COLUMBIA ASSET RECOVERY GROUP, LLC, a Washington limited liability corporation, Appellant,
JOSEPH R. KELLY, as the Successor Personal Representative of THE ESTATE OF WILLIAM D. PHILLIPS, SR., deceased, Respondent
ORDER CHANGING OPINION
The panel having determined that the opinion should be changed, it is hereby ORDERED that the opinion of this court in the above-entitled case filed November 4, 2013 be changed as follows:
The following text shall be added as a footnote following the penultimate sentence on page 15:
Each party requests an award of attorney fees premised on the Business Loan Agreement and on the Commercial Line of Credit Agreement and Note. As a result of our decision in this appeal, neither party has established itself as the prevailing party in the action. Accordingly, neither party has established that it is entitled to an award of attorney fees pursuant to either the Business Loan Agreement or the Commercial Line of Credit Agreement and Note.
The remainder of the opinion shall remain the same.
Columbia Asset Recovery Group, LLC (CARG) appeals from the trial court's order dismissing its complaint for lack of personal jurisdiction. Timothy Kennedy, CARG's sole member, was the guarantor of a one million dollar Business Loan Agreement and Promissory Note executed by William Phillips and Atlantic Frost Holdings, LLC (AFH). The Agreement contains jurisdiction and venue provisions permitting the lender, Columbia State Bank, to bring a collection action in King County. After Phillips died, neither his estate nor AFH paid the balance of the Note. Accordingly, the lender demanded payment from Kennedy. In response, Kennedy formed CARG and caused CARG to purchase the lender's rights under the Agreement and Note, which the lender assigned to CARG. CARG then filed suit in King County against the Estate of Phillips (the Estate). However, the trial court dismissed CARG's complaint for lack of personal jurisdiction. Because there is a genuine issue of material fact as to whether CARG and the lender intended CARG's payment to constitute a discharge of the Estate's payment obligation, the trial court erred by granting the Estate's motion to dismiss. We reverse and remand for further proceedings consistent with this opinion.
In June 2009, Phillips and AFH executed a Commercial Line of Credit Agreement and Promissory Note (Note) in the principal amount of $1, 000, 000, payable to Columbia State Bank (the Bank), and a Business Loan Agreement (Agreement). Phillips and AFH were the primary obligors. However, Timothy Kennedy personally guaranteed payment of the Note in the event that Phillips and AFH failed to pay. The Note contains a provision providing for payment to be made in Seattle. The Agreement includes a jurisdiction provision providing that Phillips and AFH "agree to waive any objection to jurisdiction or venue on the ground that [they] are not residents of [the Bank's] locality"—which was Seattle.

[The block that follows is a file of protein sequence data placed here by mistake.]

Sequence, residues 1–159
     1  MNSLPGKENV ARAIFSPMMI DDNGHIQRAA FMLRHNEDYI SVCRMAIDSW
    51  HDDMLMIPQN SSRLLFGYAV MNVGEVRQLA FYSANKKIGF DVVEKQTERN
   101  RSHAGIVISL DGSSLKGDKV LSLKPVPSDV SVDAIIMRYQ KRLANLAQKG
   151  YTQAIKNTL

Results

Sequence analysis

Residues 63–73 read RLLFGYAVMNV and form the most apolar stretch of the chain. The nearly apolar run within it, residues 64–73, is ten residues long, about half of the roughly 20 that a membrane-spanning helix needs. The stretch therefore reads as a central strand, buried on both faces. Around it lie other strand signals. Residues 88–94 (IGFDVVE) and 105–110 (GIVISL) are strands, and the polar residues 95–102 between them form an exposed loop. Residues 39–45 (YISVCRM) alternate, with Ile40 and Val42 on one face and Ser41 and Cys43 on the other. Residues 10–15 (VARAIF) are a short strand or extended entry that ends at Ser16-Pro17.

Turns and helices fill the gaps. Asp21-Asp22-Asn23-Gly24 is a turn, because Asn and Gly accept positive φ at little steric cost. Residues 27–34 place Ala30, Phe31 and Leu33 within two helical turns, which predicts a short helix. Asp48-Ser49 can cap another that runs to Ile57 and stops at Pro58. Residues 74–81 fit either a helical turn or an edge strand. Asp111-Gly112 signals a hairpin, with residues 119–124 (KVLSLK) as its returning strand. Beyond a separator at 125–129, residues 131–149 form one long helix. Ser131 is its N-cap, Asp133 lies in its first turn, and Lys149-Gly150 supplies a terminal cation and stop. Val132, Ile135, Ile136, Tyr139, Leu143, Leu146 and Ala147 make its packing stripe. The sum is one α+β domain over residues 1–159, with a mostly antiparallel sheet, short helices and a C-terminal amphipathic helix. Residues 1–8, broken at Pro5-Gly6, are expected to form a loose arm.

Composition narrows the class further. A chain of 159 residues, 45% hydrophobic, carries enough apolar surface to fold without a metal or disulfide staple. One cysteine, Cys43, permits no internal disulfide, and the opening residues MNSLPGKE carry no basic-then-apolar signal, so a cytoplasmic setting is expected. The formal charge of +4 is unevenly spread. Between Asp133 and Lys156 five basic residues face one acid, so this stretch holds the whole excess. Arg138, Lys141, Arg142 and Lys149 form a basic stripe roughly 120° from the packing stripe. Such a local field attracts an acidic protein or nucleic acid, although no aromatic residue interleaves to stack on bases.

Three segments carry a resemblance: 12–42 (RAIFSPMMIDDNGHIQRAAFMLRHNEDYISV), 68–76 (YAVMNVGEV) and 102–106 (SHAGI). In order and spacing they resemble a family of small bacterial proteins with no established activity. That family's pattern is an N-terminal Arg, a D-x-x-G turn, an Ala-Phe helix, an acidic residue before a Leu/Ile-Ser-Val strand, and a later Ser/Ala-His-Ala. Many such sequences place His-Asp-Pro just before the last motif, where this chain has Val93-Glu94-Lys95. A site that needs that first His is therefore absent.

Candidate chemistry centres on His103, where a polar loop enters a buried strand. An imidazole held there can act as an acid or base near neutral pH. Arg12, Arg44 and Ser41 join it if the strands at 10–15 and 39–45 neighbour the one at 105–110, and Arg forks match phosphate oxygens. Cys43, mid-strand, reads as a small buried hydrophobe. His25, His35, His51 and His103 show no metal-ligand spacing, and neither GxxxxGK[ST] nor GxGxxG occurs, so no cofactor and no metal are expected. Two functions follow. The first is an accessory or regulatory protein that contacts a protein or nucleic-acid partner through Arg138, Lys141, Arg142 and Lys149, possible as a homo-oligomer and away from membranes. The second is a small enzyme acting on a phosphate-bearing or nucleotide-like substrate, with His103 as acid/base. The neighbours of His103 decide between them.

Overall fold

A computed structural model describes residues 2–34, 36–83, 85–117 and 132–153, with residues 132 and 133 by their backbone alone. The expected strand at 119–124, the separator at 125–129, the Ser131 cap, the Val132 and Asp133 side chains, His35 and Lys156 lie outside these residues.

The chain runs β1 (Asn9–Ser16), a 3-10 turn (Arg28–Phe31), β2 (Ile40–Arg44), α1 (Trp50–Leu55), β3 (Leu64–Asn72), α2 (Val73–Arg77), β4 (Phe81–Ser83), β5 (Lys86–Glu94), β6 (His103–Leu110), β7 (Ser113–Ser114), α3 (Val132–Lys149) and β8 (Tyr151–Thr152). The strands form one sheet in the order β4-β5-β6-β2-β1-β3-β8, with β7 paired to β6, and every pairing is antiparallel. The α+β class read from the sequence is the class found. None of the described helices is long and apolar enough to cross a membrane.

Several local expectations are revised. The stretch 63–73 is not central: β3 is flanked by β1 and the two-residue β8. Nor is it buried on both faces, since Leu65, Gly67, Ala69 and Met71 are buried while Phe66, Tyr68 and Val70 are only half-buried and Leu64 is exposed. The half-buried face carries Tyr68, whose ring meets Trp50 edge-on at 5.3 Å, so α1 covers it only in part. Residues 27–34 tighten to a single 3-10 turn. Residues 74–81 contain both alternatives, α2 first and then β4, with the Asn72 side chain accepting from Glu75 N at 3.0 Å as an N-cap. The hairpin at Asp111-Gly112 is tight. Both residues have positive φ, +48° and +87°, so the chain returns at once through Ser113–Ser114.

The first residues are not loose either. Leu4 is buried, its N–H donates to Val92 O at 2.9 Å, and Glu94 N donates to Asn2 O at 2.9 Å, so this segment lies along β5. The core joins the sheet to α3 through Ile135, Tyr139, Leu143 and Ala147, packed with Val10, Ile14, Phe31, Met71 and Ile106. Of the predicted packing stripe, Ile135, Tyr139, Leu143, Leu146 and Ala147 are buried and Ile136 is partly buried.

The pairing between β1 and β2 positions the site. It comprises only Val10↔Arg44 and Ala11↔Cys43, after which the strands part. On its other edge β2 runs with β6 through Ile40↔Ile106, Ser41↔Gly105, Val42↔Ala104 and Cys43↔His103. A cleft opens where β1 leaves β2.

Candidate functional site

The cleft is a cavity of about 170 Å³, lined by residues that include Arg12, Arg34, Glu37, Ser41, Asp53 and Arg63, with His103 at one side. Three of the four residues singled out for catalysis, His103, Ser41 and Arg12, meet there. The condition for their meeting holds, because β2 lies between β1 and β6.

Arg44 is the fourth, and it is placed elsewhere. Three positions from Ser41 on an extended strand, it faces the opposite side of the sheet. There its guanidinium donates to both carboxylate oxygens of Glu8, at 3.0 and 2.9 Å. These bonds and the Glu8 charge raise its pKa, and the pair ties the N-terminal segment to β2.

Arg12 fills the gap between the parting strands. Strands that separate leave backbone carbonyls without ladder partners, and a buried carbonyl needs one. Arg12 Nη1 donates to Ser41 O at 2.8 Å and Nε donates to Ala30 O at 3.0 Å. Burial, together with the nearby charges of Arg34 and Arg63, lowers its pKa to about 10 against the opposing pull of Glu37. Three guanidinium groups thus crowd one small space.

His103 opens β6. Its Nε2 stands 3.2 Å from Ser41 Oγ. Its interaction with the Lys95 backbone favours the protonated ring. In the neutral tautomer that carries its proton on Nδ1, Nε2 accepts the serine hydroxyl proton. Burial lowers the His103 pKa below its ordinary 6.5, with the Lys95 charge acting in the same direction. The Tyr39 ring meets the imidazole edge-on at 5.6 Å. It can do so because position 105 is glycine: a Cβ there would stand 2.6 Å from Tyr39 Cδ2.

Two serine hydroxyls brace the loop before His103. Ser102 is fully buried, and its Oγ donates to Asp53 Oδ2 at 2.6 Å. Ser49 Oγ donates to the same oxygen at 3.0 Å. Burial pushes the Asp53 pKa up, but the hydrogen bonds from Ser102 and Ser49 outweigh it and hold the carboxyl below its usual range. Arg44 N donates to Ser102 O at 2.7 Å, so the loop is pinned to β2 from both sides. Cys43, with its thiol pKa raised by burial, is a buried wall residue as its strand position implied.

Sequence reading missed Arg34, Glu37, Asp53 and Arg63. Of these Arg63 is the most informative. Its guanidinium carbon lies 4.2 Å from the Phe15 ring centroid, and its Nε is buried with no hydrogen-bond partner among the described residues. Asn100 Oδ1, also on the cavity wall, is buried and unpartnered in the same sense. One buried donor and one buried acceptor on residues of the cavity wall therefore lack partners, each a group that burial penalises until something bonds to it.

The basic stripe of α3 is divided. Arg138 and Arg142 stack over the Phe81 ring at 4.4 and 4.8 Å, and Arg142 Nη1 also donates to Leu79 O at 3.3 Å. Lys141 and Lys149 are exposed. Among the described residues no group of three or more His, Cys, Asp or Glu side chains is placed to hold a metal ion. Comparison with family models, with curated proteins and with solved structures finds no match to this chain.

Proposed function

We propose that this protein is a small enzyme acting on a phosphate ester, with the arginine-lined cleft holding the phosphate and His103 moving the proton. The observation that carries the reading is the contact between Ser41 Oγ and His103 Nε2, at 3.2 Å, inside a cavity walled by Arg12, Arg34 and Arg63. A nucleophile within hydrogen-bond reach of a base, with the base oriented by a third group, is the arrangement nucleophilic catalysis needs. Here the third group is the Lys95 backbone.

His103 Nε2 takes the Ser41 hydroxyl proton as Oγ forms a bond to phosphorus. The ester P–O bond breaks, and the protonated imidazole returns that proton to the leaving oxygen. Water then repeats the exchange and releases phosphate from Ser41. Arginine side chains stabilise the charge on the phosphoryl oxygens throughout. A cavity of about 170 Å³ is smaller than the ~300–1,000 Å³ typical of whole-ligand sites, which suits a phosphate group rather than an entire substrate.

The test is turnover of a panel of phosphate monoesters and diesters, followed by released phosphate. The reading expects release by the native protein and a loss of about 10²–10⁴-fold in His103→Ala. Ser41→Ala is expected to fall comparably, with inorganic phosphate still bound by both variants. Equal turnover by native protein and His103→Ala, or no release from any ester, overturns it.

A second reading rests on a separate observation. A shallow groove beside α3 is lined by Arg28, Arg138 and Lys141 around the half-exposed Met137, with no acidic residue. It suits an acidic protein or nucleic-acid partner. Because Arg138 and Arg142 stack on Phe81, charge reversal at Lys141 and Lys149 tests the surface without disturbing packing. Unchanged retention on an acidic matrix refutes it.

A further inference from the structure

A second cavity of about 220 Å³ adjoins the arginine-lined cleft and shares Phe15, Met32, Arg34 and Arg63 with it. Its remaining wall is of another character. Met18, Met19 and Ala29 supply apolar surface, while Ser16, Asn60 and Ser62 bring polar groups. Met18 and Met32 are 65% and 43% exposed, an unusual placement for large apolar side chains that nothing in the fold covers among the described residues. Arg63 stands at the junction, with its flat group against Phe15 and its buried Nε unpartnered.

Phillips died in an airplane crash in 2010. Subsequently, the personal representative of the Estate negotiated two extensions of the Note. The Estate paid interest on the AFH loan through February 2011 but, by March 17, 2011, the Estate informed the Bank that it could no longer pay the interest on the AFH loan pursuant to Maryland probate law. When the Agreement and Note became due in April 2011, neither AFH nor the Estate paid.
Meanwhile, on October 22, 2010, the Bank demanded that Kennedy make good on his guaranty. On April 13, 2011, Kennedy spoke with a representative of the Bank regarding "options for enforcement of [the AFH Loan]." Kennedy subsequently formed CARG, a Washington limited liability company. Kennedy's counsel later told the Estate's counsel that "Mr. Kennedy formed [CARG] to facilitate his satisfying the guaranty."
Kennedy filed a counterclaim for indemnity against the Estate in the Delaware Court of Chancery on July 25, 2011. In his counterclaim, Kennedy claimed that Phillips "is the primary obligor on the debt owed to Columbia Bank. Kennedy, as guarantor, is entitled to be indemnified for any amounts he is required to pay to Columbia Bank."
On August 4, 2011, the Bank and CARG entered into the Loan Purchase and Assignment Agreement (LPA Agreement). In the LPA Agreement, the Bank and CARG agreed to several provisions that the parties highlight in disputing whether the Bank and CARG intended the LPA Agreement to operate as an assignment rather than a discharge:
• "The Bank has made demand on Kennedy for payment of the amounts owing under the Loan pursuant to the Commercial Loan Guaranty. Kennedy has instead proposed to purchase the Loan through a new entity he has established for that purpose, [CARG]."
• "The purchase price will be funded by a loan from Bank to Kennedy, the proceeds of which Kennedy will ...